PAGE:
The Importance of Knowledge as a Product
In all seriousness, the KnowledgeBase was a fantastic tool for both our customers and support agents. While the former were able to search questions and browse categories on a reliable and trustworthy website, not random forums or wikis, the latter were able to walk them through the steps with screenshots, and even refer videos for further off-call troubleshooting. This is essential when a customer has been working on the same problem for hours and hours without resolve, frustrated and at wits’ end. In a time where it was basically impossible to sync your email with your phone, our KnowledgeBase held the answers and did so with ease and style.
But we hadn’t yet discovered the incredible potential our browsers were gaining, and we certainly weren’t “plugged into the matrix” yet as a society. While it made sense to have some features in the past, others were naturally included due to the technology available. Creating a UI in 2008 meant focusing on desktops instead of smartphones, as the web hadn’t yet metamorphosed into the social butterfly that lives in our back pockets today.
Today, users experience a vastly different web. Sites get explored by watches, cell phones, tablets, phablets, whatever-lets. The vast scope of content has created a savvy web user, one (subconsciously) more aware of what a poor user experience feels like, regardless of the device or platform. So our challenge was as follows: How do we make sure our KnowledgeBase stays in the ring while making our resource articles fully reliable and just as easily searchable on Google? Here is the answer we came up with: To fulfill its mission (i.e. providing all our current and future customers with access to all the info they need to better navigate our solutions), the next iteration of our KnowledgeBase had to be much more than a text-heavy platform with an accompanying step-by-step process. It had to be treated like a product and, as such, we had to make sure that 1/ it met our customers’ actual (and future) needs; and 2/ its value proposition stood out in the boom-and-bust web real estate.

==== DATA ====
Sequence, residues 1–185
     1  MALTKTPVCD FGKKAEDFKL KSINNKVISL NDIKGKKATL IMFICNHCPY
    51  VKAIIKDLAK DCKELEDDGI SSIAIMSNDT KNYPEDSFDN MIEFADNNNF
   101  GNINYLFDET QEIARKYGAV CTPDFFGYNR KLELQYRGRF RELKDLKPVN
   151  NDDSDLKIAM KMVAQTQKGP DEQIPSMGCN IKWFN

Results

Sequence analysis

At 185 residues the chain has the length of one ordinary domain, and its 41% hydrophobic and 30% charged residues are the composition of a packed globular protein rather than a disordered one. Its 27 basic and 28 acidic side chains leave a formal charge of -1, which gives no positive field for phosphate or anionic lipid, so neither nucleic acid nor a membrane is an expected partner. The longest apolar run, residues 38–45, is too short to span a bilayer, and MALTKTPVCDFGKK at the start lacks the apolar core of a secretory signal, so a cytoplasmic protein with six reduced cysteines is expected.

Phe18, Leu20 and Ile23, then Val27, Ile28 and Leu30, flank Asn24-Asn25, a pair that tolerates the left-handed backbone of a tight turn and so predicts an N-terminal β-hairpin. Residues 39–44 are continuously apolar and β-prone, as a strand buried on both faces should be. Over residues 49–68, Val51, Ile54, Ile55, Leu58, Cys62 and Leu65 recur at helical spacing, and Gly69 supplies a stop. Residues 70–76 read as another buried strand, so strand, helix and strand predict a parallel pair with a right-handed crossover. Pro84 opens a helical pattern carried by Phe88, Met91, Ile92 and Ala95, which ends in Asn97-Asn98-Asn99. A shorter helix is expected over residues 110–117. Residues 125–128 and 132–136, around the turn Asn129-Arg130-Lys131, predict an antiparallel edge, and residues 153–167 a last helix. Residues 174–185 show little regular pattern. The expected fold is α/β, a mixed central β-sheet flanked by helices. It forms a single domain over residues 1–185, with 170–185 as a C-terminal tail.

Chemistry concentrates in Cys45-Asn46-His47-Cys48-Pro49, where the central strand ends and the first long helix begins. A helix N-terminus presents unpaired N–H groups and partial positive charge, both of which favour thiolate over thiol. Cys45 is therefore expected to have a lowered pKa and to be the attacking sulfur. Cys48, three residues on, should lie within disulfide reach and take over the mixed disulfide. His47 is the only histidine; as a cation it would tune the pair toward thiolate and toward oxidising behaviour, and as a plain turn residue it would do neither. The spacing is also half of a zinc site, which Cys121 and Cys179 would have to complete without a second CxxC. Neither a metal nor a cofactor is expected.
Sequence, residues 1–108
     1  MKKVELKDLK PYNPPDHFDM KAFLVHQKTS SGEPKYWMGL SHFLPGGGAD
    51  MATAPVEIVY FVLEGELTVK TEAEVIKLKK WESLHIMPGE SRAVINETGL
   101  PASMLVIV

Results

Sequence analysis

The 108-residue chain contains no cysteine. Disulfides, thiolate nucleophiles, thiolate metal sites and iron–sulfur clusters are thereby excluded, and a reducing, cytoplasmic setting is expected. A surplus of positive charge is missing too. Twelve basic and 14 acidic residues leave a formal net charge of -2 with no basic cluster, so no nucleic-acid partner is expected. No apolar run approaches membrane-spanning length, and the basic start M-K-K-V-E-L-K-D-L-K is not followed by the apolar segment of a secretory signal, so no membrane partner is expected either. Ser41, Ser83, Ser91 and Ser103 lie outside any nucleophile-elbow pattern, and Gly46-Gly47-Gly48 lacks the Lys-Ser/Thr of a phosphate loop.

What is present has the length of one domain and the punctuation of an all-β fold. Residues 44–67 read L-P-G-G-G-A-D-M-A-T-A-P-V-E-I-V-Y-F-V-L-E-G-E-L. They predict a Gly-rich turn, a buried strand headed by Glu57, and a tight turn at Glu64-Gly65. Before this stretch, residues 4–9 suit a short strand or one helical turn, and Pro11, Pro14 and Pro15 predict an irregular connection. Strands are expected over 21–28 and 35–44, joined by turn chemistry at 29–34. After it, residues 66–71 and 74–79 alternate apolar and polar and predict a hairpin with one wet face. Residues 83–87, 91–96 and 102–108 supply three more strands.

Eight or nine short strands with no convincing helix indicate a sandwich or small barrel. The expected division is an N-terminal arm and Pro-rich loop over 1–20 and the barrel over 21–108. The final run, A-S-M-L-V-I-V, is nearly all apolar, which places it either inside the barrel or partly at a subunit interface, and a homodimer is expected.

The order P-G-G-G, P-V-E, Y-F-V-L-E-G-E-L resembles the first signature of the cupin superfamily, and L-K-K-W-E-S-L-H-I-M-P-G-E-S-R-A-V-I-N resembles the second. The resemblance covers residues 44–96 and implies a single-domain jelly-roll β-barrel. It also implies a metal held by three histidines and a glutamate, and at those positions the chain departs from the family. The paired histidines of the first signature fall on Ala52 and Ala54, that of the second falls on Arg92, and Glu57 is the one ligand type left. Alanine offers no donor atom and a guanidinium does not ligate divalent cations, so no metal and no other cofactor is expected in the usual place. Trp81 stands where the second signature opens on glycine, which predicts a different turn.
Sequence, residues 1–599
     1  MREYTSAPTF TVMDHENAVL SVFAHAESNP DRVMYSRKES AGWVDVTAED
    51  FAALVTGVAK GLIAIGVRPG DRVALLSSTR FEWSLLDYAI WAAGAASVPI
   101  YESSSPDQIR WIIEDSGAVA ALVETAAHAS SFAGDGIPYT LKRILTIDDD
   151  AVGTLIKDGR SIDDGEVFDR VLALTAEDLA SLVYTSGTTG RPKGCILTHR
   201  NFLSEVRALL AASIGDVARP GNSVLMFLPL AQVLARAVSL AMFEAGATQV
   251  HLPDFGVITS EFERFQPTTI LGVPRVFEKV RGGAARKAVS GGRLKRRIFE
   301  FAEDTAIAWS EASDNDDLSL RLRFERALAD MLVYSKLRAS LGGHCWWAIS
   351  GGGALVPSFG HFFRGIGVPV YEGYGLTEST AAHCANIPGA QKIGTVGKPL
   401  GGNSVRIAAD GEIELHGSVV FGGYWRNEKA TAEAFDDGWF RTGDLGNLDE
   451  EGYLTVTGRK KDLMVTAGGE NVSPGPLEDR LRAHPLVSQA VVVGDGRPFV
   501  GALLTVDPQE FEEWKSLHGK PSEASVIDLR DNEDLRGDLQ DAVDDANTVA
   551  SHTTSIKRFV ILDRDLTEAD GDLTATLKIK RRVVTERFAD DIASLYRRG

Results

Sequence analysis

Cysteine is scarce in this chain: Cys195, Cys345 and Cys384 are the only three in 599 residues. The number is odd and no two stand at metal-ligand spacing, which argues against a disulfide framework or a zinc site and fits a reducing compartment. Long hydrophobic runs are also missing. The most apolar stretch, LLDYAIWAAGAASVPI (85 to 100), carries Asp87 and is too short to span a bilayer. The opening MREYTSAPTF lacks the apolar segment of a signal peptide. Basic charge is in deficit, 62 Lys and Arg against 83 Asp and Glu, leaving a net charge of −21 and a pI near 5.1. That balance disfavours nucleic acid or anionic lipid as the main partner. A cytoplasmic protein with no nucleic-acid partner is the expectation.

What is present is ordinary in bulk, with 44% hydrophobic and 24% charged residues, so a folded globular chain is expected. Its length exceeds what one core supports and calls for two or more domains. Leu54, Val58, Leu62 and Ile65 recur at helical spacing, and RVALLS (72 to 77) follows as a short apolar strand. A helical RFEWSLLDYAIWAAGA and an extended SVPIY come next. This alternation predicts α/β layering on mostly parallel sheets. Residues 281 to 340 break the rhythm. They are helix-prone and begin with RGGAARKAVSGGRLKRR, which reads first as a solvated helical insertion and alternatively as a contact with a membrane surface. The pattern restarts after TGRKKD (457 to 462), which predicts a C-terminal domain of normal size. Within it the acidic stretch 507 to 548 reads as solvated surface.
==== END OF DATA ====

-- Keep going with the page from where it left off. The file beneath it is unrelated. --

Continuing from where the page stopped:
Just like content creators need to make sure they are not going to bore their audience to death and/or overwhelm them with needless information, we asked ourselves who we wanted to help and how exactly we could provide the most value to all our customers. We also had to more clearly define which product the information was related to while minimizing possible navigation frustrations. Essentially, anticipate and solve hard problems with simple and easy answers.
On our drawing board we also decided to take our new “KnowledgeBase” one step further, beyond troubleshooting, and provide articles drafted by support agents themselves, in which users would be provided with a new, detailed exploration of our solutions. That way, we would make sure all Grid* users would know, right off the bat, they could deploy an application on the Grid. There was our value proposition: Our very own customer support agents diving deep into servers everyday, proactively uncovering new kinds of issues (and solutions) for our customers — as the saying goes, one man’s trash is another man’s treasure.
As a result (and I will go over the UX changes that we made in detail in a second article), we have turned our former KnowledgeBase into something far different from its original (and slightly outdated) intentions. With the growth of mobile browsers and social media environments, it can now be a guided conversation with our customers and the solutions and services they are usings.
Drawing inspiration from our own personal favorites and keeping in mind how we could best help our customers, we launched a brand new platform on 5/21: Please welcome Media Temple Community.
*Grid is our shared hosting solution on steroids. Learn more about the Grid.